Using Art to talk about HIV/AIDS

Monday July 30 2012

Using Art to talk about HIV/AIDS

Nabulime observes that the art scene in Uganda is showing signs of growth. “It is growing as more artists are coming up, both self-taught and those taught. Art is gaining value and more artists are getting recognition.”  


“Ssebo” is a sculpture, a big grotesque portrait with masculine forms. Its face has big expressive eyes, nose and mouth. The sculpture is made of geometrical angular and round forms. Ssebo is a sculpture that was made by Dr Lilian Mary Nabulime, one of Uganda’s leading female sculptors, a sculpture that reminds her of the patriarchal society we live in. Nabulime believes that men are dominant and usually take control of decisions. They give an impression of being fearless, aggressive, powerful and prestigious and yet it may not be the case. All these thoughts are personified in Ssebo. Sculpture is what Nabulime uses to put across her thoughts and feelings on various topics. One topic dear to her heart is HIV/Aids.

Nabulime handles the painful episode of living with HIV/Aids with sadness and humour at the same time. For a topic that is often taboo, her artwork is a means to discuss the scourge and enjoy the conversation with our everyday household items like a mortar and pestle, soap and baskets.

“My sculptures are simple, derived from household objects namely baskets, mirrors and soap. The idea is to encourage dialogue on HIV/Aids infections, fight taboos, culture and gender inequality because they propel HIV/Aids infections. It is also to fight stigma and denial and to encourage openness and care for those infected with HIV/Aids leading to acceptance, counselling and testing, and therefore leading to treatment. Care for one another will lead to less malicious infections to others,” she says.

According to Nabulime, artists have a role to play as society grapples with challenges like HIV/Aids: “The challenges of artists in fighting HIV/Aids vary according to the medium an artist uses. Graphics like posters, illustrations, drama, and music seem easy to use for HIV/Aids campaign organisations. Yet other mediums like sculptures, paintings and conceptual art have not been greatly exploited for fighting HIV/Aids.”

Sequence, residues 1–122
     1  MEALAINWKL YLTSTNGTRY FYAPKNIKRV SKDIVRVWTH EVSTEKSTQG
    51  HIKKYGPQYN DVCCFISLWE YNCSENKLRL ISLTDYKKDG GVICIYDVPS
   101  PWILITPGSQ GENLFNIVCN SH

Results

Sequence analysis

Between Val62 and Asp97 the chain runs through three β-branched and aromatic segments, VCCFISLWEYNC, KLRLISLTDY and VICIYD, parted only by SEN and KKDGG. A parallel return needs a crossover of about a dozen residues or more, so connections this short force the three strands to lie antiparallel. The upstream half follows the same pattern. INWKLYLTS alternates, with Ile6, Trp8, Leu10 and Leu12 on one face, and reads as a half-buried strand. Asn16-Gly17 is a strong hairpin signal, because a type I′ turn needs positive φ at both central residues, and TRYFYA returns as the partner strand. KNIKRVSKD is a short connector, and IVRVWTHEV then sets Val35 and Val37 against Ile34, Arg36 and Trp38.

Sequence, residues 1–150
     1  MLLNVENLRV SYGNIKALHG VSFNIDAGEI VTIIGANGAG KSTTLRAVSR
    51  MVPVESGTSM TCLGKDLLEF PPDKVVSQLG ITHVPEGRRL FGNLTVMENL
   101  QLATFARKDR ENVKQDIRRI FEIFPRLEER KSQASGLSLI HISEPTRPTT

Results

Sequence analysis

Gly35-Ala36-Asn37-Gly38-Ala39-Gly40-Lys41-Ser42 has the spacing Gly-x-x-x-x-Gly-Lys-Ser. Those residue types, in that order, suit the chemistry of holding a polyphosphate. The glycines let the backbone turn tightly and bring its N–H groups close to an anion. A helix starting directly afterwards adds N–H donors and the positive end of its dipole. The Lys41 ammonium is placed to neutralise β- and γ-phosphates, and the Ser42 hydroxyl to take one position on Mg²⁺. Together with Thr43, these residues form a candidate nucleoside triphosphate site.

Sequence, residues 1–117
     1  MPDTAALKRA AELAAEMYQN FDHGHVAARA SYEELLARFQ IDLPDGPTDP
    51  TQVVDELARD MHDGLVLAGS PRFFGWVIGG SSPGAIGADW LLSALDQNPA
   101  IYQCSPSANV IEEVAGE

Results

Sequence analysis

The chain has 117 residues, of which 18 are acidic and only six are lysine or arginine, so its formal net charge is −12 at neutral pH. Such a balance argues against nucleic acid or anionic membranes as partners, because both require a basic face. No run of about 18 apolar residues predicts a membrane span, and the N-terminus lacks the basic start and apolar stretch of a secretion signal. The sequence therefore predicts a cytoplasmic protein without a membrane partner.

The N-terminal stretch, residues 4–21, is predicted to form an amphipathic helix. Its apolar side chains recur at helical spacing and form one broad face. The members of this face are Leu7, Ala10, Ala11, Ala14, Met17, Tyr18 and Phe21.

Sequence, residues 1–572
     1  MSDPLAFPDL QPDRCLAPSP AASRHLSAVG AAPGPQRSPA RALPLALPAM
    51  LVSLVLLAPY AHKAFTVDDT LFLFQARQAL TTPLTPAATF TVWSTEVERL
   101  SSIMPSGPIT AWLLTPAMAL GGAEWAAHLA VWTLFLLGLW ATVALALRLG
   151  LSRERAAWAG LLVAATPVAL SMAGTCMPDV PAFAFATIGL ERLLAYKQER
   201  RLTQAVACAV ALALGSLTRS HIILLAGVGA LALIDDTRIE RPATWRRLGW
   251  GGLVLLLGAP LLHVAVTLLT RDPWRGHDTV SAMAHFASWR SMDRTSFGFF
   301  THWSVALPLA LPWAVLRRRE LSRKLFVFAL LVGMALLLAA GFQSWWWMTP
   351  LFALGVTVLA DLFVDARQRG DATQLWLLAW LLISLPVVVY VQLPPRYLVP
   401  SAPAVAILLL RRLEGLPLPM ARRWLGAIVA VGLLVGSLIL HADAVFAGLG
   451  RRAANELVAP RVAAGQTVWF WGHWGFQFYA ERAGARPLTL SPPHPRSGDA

“Art is also a very powerful tool that can change people‘s attitudes regarding issues that affect them, thus empowering them, leading to change among themselves, socially or politically,” she notes.

Nabulime is one of the few female sculptors in Uganda. She currently works on a combination of wood and sheet metal, producing monumental sculptures. Carving tree stumps has become her trademark. Nabulime touches on taboo subjects and themes like male-female power relations in modern times, and race and disease eating up the African continent.

Complacency, gender inequality and poverty are the major challenges facing the HIV/Aids fight in Uganda, Nabulime observes.

“Because we have had HIV/Aids for over 25 years, people are tired of it and complacent, yet it is still viral. There is no cure yet. Because some people living with HIV/Aids are on Antiretroviral drugs and look good, others think it is like any other disease (no worries). Without fighting poverty we are wasting time on HIV/Aids campaigns. While doing my research, a woman told me that because of poverty, she goes into prostitution to get money to feed her children. ‘Hunger kills in a week but Aids kills you after years’, she argued.

“The posters or images on billboards warning on HIV are not scary as in the past. We should also fight taboos, culture and gender inequality because they propel HIV/Aids infections. We should fight stigma and denial. Openness and care for those infected with HIV/Aids leads to acceptance, counselling and testing leading to treatment thus less malicious infection to others,” she adds.

Nabulime therefore suggests that: “People need constant reminders on HIV/Aids awareness. Government officials and religious leaders should address HIV/Aids when they get a chance, at public and private gatherings. We can also fall back on the ABC strategy. Reduce poverty and educate people to be job creators and not seekers. Government needs to create and provide more jobs.”

Experience spurred her on
Nabulime decided to become an HIV/Aids campaigner after her close relatives died from the deadly disease. “I took on the HIV/Aids campaign through my sculptures after realising that I was affected by HIV/Aids. I am HIV negative and I have had close family members suffering and dying from HIV/Aids. HIV/Aids is a disease people can avoid if they are well informed. People do not want to talk publically about sex and HIV, yet in Uganda most of the infections are heterosexual thus, issues regarding HIV/Aids and sex are a taboo,” she said.

“Forgiving my husband when he tested HIV positive while I was negative was a real test of courage,” she says in the book Extraordinary: Significant Women of Uganda by Daudi Karungi.